Norodom Sihamoni returned home to Cambodia on Wednesday, appointed as the country's new king to replace his father, Norodom Sihanouk, who abdicated this month.
After spending most of his life in Europe as a ballet choreographer, dancer and professor of classical arts, Sihamoni arrived in Phnom Penh from Beijing, where his father had been receiving medical treatment. He was welcomed by hundreds of dignitaries at the airport and thousands of schoolchildren lining the roads. He was escorted on his homecoming by his father, who is 81.
Sihamoni is scheduled to be crowned Oct. 29, assuming a position that is largely ceremonial but important for unifying a country recovering from the ravages of genocide and war.
"He seems like he'll be a chip off the old block in some ways but not all ways," said Verghese Mathews, Singapore's former ambassador to Cambodia. "He has the same love of the people, but he's more predictable and less flamboyant."
Sihamoni, 51, was born 12 years into Sihanouk's 63-year career. Sihanouk dominated the political life of the country, conspiring with rebels and royals, alternately playing international statesman and palace intriguer.
Sihamoni was always considered his father's favorite son, returning to Phnom Penh for the monarch's birthdays and traveling to his bedside when he was ill, according to Mathews, now a visiting fellow at the Institute of Southeast Asian Studies in Singapore. For at least two years, Sihanouk made clear that he wanted Sihamoni as his successor and lined up supporters, in particular Prime Minister Hun Sen.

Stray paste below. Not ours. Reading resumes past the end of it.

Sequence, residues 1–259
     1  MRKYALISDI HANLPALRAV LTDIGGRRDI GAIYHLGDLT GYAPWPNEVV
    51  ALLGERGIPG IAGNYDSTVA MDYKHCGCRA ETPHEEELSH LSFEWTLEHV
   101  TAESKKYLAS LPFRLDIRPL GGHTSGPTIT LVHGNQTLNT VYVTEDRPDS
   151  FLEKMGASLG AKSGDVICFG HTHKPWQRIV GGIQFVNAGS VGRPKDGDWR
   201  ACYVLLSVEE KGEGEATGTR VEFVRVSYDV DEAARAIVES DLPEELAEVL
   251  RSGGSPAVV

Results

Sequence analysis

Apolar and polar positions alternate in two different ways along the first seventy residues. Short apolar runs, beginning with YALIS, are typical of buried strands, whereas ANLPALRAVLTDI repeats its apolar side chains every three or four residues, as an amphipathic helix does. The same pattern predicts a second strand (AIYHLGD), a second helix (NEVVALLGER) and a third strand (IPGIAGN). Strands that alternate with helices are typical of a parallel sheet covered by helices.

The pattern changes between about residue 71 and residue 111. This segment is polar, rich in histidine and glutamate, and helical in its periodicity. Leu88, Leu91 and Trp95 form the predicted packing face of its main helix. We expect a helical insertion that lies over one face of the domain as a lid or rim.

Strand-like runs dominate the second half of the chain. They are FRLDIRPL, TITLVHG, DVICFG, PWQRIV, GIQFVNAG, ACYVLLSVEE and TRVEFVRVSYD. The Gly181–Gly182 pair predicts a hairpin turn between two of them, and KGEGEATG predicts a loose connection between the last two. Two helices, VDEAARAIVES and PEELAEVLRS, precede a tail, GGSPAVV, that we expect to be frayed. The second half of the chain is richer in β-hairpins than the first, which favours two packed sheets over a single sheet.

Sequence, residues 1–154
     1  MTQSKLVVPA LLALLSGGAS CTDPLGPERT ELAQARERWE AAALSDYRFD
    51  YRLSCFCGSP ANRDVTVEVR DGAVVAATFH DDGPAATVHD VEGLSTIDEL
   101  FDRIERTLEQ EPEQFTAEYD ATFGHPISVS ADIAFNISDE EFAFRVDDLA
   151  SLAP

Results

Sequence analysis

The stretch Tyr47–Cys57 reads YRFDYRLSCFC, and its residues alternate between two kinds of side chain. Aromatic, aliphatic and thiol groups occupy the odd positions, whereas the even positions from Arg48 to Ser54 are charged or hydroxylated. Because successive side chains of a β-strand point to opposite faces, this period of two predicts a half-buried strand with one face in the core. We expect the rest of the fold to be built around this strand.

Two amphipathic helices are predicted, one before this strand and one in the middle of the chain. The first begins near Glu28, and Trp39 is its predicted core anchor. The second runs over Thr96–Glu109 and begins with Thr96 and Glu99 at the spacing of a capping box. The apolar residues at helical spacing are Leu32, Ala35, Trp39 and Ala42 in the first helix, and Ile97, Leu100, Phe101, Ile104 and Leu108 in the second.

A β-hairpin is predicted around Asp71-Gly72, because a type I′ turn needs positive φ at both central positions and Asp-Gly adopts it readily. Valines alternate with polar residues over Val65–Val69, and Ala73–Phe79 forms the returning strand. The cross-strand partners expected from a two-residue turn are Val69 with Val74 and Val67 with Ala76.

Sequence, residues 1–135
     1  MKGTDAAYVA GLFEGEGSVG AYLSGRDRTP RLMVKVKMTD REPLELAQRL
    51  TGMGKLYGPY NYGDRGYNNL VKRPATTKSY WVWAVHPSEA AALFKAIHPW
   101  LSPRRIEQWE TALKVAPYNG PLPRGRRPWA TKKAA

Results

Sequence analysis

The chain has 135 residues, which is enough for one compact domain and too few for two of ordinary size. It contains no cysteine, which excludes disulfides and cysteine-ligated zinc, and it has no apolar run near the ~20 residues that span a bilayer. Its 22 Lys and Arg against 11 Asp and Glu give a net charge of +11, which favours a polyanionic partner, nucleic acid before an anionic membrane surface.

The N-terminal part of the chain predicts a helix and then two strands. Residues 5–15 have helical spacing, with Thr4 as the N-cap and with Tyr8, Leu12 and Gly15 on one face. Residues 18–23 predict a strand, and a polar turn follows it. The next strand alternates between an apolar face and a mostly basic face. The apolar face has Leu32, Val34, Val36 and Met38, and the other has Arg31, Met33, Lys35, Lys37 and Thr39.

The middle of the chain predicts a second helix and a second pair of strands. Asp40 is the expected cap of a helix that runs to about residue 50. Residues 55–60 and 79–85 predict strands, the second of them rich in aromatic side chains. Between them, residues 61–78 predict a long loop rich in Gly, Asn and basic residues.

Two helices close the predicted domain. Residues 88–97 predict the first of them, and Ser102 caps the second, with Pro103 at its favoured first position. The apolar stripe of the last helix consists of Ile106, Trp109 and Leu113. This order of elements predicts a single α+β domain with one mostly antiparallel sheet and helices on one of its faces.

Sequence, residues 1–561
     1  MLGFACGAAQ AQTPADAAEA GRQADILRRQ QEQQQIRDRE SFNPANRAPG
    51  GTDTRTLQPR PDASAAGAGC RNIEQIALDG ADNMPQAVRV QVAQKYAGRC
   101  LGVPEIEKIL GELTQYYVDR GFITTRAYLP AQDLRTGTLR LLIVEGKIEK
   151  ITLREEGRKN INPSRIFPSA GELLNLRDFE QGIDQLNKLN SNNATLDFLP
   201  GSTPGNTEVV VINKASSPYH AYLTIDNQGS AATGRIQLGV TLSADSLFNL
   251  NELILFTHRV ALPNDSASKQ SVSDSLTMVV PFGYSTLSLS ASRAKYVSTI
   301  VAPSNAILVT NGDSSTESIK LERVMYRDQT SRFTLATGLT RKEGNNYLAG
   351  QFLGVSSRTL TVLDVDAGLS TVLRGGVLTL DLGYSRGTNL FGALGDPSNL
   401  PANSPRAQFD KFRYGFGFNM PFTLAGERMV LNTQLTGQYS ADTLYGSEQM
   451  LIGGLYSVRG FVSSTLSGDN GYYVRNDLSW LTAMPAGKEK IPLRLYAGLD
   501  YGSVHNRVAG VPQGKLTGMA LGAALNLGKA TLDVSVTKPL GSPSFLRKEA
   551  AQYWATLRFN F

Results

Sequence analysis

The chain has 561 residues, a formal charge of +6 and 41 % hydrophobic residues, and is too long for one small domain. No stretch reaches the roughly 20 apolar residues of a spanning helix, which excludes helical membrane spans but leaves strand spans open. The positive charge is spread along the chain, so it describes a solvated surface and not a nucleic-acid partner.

Sihamoni has remained distant from public life and is little-known among his subjects. Several other members of the royal family, most notably Sihamoni's half-brother, Prince Norodom Ranariddh, became enmeshed in Cambodian politics.
"I am afraid that I cannot fulfill this great duty well because of my lack of experience," Sihamoni said, apologizing to the Cambodian people, after being named king last week. In a message written from Beijing, Sihamoni swore to remain impartial.
"I solemnly promise that I am neutral to all politicians, political parties, and will follow the great policy of my father, the father of independence, national unity and conciliation," he said.
Sihamoni shared his family's passion for the arts. As a child, he studied traditional Cambodian dance with his sister, who went on to become an acclaimed performer in the national ballet. By 14, he starred in a Cambodian movie, "The Little Prince," shot by his father, an avid filmmaker.
After Sihanouk was temporarily ousted in a 1970 coup by U.S.-backed elements of the Cambodian military, Sihamoni enrolled in a conservatory in Prague, studying dance, theater and music. He later studied film in North Korea before returning to Cambodia in 1976 after the communist Khmer Rouge took power. He and his family were held under house arrest in the royal palace before he was able to flee, moving to Paris in 1981.
There, he became a professor of classical dance at three leading institutions and formed his own troupe, Ballet Deva, choreographing some of the group's performances. Since the early 1990s, he was also Cambodia's envoy to UNESCO.
Until Sihanouk mentioned his son as possible heir two years ago, Sihamoni had given no indication he intended to return to Cambodia.
"I don't think at any prior time Sihamoni thought he'd be king," Mathews said.